Entrepreneurial Strategies in Transitional Industries from a Resource Perspective: A Case Study Analysis of the Business Models of German Soccer Clubs

By Lechner, Christian; Schmidt, Tobias | New England Journal of Entrepreneurship, Spring 2002 | Go to article overview

Entrepreneurial Strategies in Transitional Industries from a Resource Perspective: A Case Study Analysis of the Business Models of German Soccer Clubs


Lechner, Christian, Schmidt, Tobias, New England Journal of Entrepreneurship


The recent transformation of soccer clubs in Europe from nonprofit organizations into for-profit enterprises constitutes an entrepreneurial event in transitional industries. In these industries, value has often already been created through alliances with other (for-profit) organizations. The central research question is therefore: How do soccer clubs seize entrepreneurial opportunities under the constraint of prior joint (bilateral) value creation but unilateral value exploitation? The authors adopt a resource-based perspective to analyze the entrepreneurial strategies and show that the existing theoretical concepts provide only insufficient answers. Based on an in-depth case study analysis, new propositions are developed that complement the resource-based perspective.

It was not until 1998 that German soccer clubs were allowed by the German Soccer Federation (DFB-- Deutscher FussballBund) to become for-profit enterprises. Up until 1998 soccer clubs had the status of sports associations with public duties such as promoting sports activities to improve the general health of the nation. The following (slow) transformation of soccer clubs as nonprofit organizations into for-profit firms can be understood as an entrepreneurial event. As entrepreneurship scholars understand it, the entrepreneurial process encompasses .all the functions, activities, and actions associated with the perceiving of opportunities and the creation of organizations to pursue them" (Bygrave and Hofer 1991). In its most general form, the constituting element is the entrepreneurial event that signifies the emergence of an organization (Gartner 1995), that is, the creation of a new firm or other organizational unit to capitalize on an opportunity (Gartner 1989; Gartner et al. 1992).

While the core business of soccer clubs remained attracting spectators and related TV revenues, these new firms had to decide how to seize new opportunities.1

This article focuses on the merchandising business and analyzes the entrepreneurial strategies of the two most important soccer clubs in Germany, Borussia Dortmund and Bayern Munich. These two clubs are regarded as young entrepreneurial firms because they have only been transformed into for-profit firms during the last few years.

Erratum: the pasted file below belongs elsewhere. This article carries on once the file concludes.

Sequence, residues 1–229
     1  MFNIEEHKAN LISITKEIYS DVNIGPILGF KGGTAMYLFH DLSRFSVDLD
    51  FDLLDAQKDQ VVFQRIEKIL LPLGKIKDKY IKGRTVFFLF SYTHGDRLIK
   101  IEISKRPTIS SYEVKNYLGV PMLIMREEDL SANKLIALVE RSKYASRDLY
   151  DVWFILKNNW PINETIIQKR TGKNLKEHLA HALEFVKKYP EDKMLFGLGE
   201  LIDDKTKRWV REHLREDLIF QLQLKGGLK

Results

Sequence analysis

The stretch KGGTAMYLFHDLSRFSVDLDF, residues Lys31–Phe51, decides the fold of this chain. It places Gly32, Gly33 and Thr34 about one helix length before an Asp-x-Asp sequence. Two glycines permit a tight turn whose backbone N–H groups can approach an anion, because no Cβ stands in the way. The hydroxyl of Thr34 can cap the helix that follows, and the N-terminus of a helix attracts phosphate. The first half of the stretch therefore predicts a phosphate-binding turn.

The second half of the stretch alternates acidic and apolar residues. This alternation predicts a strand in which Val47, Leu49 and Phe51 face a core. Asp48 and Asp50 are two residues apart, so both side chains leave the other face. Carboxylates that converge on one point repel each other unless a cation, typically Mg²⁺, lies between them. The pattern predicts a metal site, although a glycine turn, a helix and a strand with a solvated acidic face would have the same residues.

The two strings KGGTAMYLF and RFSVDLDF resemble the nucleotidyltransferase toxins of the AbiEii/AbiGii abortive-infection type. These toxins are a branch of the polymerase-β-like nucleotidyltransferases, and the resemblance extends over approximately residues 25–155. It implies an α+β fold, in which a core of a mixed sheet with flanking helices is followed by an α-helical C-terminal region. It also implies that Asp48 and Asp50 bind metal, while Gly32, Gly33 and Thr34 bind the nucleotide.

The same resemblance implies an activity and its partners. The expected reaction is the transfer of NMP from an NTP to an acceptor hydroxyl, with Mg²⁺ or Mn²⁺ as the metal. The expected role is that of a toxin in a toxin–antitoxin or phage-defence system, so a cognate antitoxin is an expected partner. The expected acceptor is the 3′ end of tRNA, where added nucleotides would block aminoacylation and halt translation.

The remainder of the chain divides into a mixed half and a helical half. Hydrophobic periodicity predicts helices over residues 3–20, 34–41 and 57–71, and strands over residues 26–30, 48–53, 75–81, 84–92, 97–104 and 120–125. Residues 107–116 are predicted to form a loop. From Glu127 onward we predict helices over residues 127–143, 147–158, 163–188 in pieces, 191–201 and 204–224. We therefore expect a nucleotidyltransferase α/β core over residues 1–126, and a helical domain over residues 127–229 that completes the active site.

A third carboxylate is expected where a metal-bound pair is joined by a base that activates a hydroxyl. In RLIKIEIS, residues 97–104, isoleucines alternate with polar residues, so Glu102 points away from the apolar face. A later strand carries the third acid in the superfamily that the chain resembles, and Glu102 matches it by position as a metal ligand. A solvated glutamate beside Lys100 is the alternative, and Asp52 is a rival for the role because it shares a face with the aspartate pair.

In transitional industries, value has often already been created through links or alliances with other (for-profit) organizations. Research, however, has not addressed the question of how the actual joint-value created will be distributed between the parties after the entrepreneurial act (the creation of a for-profit enterprise) and how these new entrepreneurial firms will perceive and seize opportunities.

Background and Key Research Questions

Cooperative arrangements between sports clubs and corporate institutions have become increasingly important over time as vehicles to create joint value. Since the introduction of television and merchandising rights as new revenue streams, sport clubs are rapidly transforming from former nonprofit organizations into for-profit companies. This entrepreneurial phenomenon is most inherent in the European soccer industry. In the early to mid-1990s, English and Italian soccer clubs like Manchester United and Lazio Rome developed into stock-listed firms, focusing on sport as a financial business to exploit the economic value of "soccer" as a product.

In contrast, German clubs have been comparatively slow to seek alternatives to the "old" business models, mainly due to the strict rules of the conservative Bundesliga and inflexible club structures. The tremendous change in industry conditions is also reflected in the long-term relationships between soccer clubs and sports equipment manufacturers. Corporate sponsorship of sporting and especially soccer events has gained in importance as a marketing instrument due to the increasing value of the sports clubs brand equity. During the last decade, the brand values of European soccer clubs have reached an impressive level compared to other sports. …

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